Spread young talent among schools

Source: Todayonline  30 Aug 2012

Concentrating the best students in top schools is not ideal, says Ngiam Tong Dow

SINGAPORE- The Republic’s young talent should be spread out across the island’s schools, instead of being concentrated in a few elite schools, said retired top civil servant Ngiam Tong Dow yesterday.

Speaking at the National University of Singapore’s U@Live Forum – which was attended by 200 people, including undergraduates and alumni – Mr Ngiam, 75, noted how the country’s top students went to either “Raffles Institution (RI) or Raffles Girls’ Secondary School”.

“I’m not saying that they don’t deserve to go (to these schools); they do.  But they will be taught by just two sets of teachers, and they can only deal with the regular problems of the world, they cannot deal with (problems that are out of the box),” he said.

Mr Ngiam was responding to a comment by former Nominated Member of Parliament Viswa Sadasivan, who moderated a dialogue session.

Mr Viswa, who is an RI alumnus, noted that the school’s students were made aware that they were the cream of the crop. “It’s not a good thing because it leads to elitism and complacency,” he said.

Mr Ngiam also reiterated that Government scholars should not all be joining the Civil Service after completing their studies. Instead, half of them should “go into business”, he said.

“The whole point is to spread our brains throughout society and not just in the administration,” said the former Ministry of Finance Permanent Secretary, who is now Pro-Chancellor at NUS and Adjunct Professor at the Lee Kuan Yew School of Public Policy.

During the dialogue, Mr Ngiam was also asked about his thoughts on a one-party system versus a multi-party system.

In response, Mr Ngiam cited the ancient cities of Sparta and Athens. “Sparta was efficient and disciplined, but in the end, it failed, because such a state is very brutal, whereas Athens was very chaotic, argumentative, messy, but they survived,” he said.

In his speech before the dialogue session, Mr Ngiam proposed that the Finance Ministry extend a S$100 million grant to the Economic Development Board to invest in 100 start-up companies that germinated in Singapore’s universities and polytechnics.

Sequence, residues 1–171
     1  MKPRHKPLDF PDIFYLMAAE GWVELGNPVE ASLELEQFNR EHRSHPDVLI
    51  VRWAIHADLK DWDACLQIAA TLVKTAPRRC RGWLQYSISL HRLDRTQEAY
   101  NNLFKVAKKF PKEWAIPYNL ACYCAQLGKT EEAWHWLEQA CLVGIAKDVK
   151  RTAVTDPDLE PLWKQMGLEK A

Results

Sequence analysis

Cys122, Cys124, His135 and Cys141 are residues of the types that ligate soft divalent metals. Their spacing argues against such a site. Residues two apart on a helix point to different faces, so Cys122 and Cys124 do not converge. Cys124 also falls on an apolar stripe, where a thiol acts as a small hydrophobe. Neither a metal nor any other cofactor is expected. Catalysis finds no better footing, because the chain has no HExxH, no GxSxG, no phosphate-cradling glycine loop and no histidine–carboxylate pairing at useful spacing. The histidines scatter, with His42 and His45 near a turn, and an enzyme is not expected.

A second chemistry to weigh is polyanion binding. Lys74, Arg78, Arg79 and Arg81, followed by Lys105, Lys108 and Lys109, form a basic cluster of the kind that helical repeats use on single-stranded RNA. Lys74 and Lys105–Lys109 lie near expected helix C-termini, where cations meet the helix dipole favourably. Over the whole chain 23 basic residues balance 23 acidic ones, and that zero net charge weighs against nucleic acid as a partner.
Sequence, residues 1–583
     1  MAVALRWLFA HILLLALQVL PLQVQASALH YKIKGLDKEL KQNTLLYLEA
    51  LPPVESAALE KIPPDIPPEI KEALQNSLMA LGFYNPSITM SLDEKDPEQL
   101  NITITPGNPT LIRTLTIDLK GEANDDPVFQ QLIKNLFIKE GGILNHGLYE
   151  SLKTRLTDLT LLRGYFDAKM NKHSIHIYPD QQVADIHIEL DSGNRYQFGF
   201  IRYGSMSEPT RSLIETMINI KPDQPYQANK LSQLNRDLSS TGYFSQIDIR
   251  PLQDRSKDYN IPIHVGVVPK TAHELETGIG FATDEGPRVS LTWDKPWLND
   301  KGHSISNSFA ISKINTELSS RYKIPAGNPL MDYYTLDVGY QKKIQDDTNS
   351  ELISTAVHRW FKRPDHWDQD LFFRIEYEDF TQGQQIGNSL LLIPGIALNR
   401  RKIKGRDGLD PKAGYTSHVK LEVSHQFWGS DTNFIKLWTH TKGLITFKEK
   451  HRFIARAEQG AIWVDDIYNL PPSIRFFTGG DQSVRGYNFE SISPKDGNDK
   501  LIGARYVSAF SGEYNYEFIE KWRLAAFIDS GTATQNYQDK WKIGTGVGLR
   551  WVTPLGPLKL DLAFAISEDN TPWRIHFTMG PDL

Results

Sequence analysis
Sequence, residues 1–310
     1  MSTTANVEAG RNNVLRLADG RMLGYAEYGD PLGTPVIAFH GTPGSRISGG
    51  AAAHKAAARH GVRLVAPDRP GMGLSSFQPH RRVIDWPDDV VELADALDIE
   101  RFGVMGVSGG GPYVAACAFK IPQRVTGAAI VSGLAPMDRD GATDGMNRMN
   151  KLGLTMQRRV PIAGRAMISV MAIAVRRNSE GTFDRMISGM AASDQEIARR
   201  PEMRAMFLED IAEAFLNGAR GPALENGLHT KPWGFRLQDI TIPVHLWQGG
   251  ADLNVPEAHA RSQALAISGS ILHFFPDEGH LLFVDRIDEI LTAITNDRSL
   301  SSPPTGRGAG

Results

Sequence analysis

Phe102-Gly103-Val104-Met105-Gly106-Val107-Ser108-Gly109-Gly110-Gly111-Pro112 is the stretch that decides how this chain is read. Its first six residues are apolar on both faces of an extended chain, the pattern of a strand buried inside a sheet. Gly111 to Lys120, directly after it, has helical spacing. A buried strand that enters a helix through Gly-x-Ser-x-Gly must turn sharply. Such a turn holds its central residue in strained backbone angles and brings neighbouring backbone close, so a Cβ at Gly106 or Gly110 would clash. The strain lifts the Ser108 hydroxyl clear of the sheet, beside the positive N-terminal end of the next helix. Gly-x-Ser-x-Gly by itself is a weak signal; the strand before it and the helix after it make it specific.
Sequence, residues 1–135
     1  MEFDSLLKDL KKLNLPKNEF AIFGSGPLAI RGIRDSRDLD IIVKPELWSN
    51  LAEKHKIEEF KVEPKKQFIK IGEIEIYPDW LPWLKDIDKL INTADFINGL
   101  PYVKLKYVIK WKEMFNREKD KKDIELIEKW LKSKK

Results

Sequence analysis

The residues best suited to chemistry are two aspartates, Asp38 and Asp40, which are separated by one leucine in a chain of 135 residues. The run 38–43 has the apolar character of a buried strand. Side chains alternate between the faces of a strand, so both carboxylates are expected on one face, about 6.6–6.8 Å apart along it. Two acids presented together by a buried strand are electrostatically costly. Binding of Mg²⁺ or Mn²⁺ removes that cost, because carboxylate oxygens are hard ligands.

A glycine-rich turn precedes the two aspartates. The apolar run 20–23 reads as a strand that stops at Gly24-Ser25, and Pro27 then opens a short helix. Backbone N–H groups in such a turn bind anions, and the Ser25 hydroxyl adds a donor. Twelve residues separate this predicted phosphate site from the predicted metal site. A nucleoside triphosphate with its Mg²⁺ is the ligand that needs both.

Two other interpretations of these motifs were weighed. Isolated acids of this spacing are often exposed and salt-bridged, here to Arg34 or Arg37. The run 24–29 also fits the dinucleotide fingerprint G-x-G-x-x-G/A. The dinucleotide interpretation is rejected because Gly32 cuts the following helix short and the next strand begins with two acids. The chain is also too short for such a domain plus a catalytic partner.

“Singapore has to tap into its universities and polytechnics to initiate the spirit of wealth creation in young minds,” he said.

He also suggested that students be encouraged to form project teams of two to three from various faculties to propose business ideas.

Speaking to reporters after the dialogue, Mr Ngiam said that under his proposal, the money given to undergraduates would come in the form of risk capital – and not grants – that would be administered by EDB.

“Grants are a great wastage, if I may say so … When I was chairman of EDB, I never gave out grants, because if you ask me for a grant, it means your company is not commercially viable. I think the present tendency to give grants is a wrong system,” he said.

Mr Ngiam reiterated that Singapore “cannot depend on (multi-national corporations) forever”.

He said: “I’m trying to suggest that universities should be mobilised as our strategic assets for economic growth. (We have to) spark entrepreneurship. If they fail, then so be it. Unless we try, we will never be able to start up our own companies.”

Posted in Ngiam Tong Dow Articles

Leave a Reply

Your email address will not be published. Required fields are marked *

*

     

You may use these HTML tags and attributes: <a href="" title=""> <abbr title=""> <acronym title=""> <b> <blockquote cite=""> <cite> <code> <del datetime=""> <em> <i> <q cite=""> <strike> <strong>

Google Search

Loading

Categories

My favourite quote today

"I am afraid the cruise ship is over capacity limit, and it used to be a luxury cruise ship. The designer’s claim that it is not sinkable, the name is Titanic. There are not enough life boats, no preparation or provision for failure. Thank you Mr Goh for reminding us." - Low Thia Khiang

"Till today, I am still puzzled by why the PAP cannot fight a fair election without gerrymandering, abusing the GRC system, basically, making sure they enter into a boxing ring with an opponent who is expected to fight them with hands tied behind the back. There is a reason why bullies are not popular in schools. Why not be the school prefect?" - Alvinology

"The question to ask is what lies at the root of the discontent or the disengagement between the G and the people. I am going to stick my neck out and say that it is ministerial salaries. I consider it the root of all evil. Serious. It reduces what should be a social compact into a business contract. " - Bertha Henson